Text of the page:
NAIROBI, Kenya, Apr 10 – Deputy President William Ruto Tuesday night lifted the lid on behind-the-scenes intrigues ahead of the surprise March 9, 2018 political truce between his party leader, President Uhuru Kenyatta, and 2017 presidential election arch-rival, Raila Odinga.
Ruto revealed that Odinga had reached out to him four times after President Kenyatta named a partial Cabinet on January 5 last year, the Orange Democratic Movement (ODM) leader suggesting that the Head of State was sidelining his deputy.
His comments on the March 9 pact between Kenyatta and Odinga suggested that Odinga sought a political settlement to end anti-government protests organised by Opposition parties which eventually culminated into a self-inauguration on January 30, 2018, when the former Prime Minister was crowned the People’s President.
“Before Odinga engaged the President on the handshake, he approached me. Odinga approached me on four occasions after the election and we actually spoke on phone when he sent emissaries,” he said.
“I could hear the trend: ‘You know you can see the President has started appointing ministers…’ and I told him we’re a single party – no longer a coalition of parties – and the President as Party Leader doesn’t have to consult me on Cabinet appointments,” Ruto pointed out.
The Deputy President told Citizen Television’s News Night he declined to engage Odinga adding that he informed Kenyatta on attempts made by the Opposition leader to engage him.
During the interview, Ruto also dismissed claims that President Kenyatta kept him in the dark when he finally inked a deal with Odinga in March last year which ended months of political tension triggered by the Opposition’s refusal to acknowledge presidential election results.
“I declined to engage Odinga because the Jubilee Party has one central command – the Party Leader. Finally when the handshake happened, it wasn’t necessary for President Kenyatta to let me know, being the gentleman that he is the President brought me on board,” the DP told News Night.
According to Ruto, Kenyatta also sought his opinion as he embarked on talks that led to the March 9 deal.
Ruto noted that despite having had reservations about engaging Odinga due to concerns over his genuineness, he agreed to join President Kenyatta’s quest for national unity under the March 9 accord which saw the Head of State appoint a 14-member taskforce to scrutinize factors impeding national unity.
The Building Bridges Initiative advisory team which was given a year-long mandate in March 2018 was recently given a five-month extension to allow it time to conclude public engagements across the country before presenting a report to Kenyatta and Odinga.
President Kenyatta has already hinted at a possible referendum to re-structure the Constitution should the taskforce recommend the re-configuration of the structure of government to address what he has termed winner-take-all politics that has been blamed for chaos before, during and after successive presidential elections.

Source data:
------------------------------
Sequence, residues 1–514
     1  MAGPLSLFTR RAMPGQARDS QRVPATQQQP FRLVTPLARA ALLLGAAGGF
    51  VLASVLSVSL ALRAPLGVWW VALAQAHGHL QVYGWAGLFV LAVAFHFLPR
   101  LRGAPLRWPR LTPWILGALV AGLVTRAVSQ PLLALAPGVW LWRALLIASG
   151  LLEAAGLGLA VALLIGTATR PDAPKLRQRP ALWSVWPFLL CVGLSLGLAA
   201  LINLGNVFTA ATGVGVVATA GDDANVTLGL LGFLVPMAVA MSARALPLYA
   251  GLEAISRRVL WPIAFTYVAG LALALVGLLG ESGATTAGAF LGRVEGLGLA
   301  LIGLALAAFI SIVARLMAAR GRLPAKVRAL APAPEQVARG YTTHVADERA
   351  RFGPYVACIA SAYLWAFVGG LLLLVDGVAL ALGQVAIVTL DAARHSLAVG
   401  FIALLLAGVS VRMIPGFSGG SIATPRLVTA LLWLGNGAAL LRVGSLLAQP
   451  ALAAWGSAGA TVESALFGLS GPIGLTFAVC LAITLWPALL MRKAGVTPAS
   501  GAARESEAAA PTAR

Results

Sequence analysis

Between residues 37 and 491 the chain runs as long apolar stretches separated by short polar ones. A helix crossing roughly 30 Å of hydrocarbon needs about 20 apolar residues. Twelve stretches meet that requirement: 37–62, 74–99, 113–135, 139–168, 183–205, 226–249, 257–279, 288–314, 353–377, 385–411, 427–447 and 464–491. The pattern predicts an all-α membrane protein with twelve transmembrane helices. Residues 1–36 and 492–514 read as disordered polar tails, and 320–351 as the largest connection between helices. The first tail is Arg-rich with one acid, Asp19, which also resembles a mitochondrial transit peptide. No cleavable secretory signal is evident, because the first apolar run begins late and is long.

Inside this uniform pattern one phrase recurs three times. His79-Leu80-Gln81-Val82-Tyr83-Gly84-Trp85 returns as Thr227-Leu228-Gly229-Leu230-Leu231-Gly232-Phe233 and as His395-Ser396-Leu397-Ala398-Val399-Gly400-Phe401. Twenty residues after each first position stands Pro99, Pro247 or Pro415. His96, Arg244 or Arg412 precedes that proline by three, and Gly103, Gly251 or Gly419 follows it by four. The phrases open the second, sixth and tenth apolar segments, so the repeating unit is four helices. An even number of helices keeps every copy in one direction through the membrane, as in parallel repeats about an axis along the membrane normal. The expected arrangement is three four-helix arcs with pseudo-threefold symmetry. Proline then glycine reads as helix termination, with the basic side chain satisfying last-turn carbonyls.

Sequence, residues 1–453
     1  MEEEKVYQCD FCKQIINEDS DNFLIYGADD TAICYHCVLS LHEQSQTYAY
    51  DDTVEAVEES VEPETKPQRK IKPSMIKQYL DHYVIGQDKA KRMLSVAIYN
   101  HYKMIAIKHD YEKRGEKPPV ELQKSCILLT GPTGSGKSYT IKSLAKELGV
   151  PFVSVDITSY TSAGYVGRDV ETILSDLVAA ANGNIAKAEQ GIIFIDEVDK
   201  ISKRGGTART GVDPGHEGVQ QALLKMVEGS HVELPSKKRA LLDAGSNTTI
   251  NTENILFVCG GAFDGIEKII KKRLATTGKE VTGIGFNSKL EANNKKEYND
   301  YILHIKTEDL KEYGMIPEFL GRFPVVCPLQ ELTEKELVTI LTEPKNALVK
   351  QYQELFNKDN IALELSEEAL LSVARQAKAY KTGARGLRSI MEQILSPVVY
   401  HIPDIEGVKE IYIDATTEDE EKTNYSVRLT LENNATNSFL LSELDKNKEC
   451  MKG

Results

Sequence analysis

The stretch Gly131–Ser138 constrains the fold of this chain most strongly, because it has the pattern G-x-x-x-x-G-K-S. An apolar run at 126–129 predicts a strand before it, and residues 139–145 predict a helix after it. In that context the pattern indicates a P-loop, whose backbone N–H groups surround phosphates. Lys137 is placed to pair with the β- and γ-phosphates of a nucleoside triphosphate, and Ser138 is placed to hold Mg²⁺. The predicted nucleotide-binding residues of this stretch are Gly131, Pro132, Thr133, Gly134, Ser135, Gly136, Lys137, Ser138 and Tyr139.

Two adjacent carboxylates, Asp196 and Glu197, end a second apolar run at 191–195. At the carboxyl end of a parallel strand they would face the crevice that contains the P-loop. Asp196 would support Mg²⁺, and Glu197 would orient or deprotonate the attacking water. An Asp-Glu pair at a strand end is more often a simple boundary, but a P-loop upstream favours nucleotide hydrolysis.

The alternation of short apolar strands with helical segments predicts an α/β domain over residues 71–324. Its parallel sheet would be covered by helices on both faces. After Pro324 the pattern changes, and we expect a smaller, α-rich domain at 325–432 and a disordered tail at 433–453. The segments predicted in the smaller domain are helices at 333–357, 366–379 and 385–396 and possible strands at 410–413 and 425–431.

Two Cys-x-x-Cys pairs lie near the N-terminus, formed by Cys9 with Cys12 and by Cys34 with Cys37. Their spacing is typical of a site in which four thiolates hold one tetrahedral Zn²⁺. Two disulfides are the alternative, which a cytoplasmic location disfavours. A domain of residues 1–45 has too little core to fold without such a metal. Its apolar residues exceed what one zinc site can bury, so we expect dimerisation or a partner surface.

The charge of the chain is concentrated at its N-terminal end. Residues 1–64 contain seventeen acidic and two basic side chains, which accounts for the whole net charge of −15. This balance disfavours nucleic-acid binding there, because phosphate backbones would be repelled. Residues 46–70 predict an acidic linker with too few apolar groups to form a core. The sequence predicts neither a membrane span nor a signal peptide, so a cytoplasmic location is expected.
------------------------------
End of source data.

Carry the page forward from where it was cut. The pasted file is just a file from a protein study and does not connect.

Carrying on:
“Our politics must not be on the basis that some people win and others lose. We have to look at a way of in which we can remodel our politics so that we never have some Kenyans feel excluded when others are in government,” Kenyatta said on January 20.
The Head of State made similar remarks on December 13, when he visited the lakeside city of Kisumu that voted overwhelmingly for Odinga in the 2017 presidential election.
Ruto has since wadded into the referendum debate insisting that the plebiscite should be people-centred and not an exercise to create positions in government for perennial poll losers that often use the constitution as the bogyman.
The DP, while giving an address at the Royal Institute of International Affairs – Chatham House – in London on February 8 proposed the creation of an official Opposition in Parliament so that the runner-up in a presidential election is automatically nominated to the National Assembly as Official Leader of the Opposition with his running mate taking up the role of Deputy Leader of the Opposition.
“The real problem is that we’ve people who participate in elections and they have only one outcome which is not how democrats operate. If you go to an election and you’re only expecting to win then you have a problem,” he said.
Ruto and Odinga have differed on the structure of devolution, the former vehemently opposition a proposal to have a three-tier system of government with the introduction of eight regional governments in addition to existing county governments.
Odinga has been championing for the creation of regional governments in what pundits have interpreted as a move to secure the political careers of county governors allied to him who are serving their second and final term in office.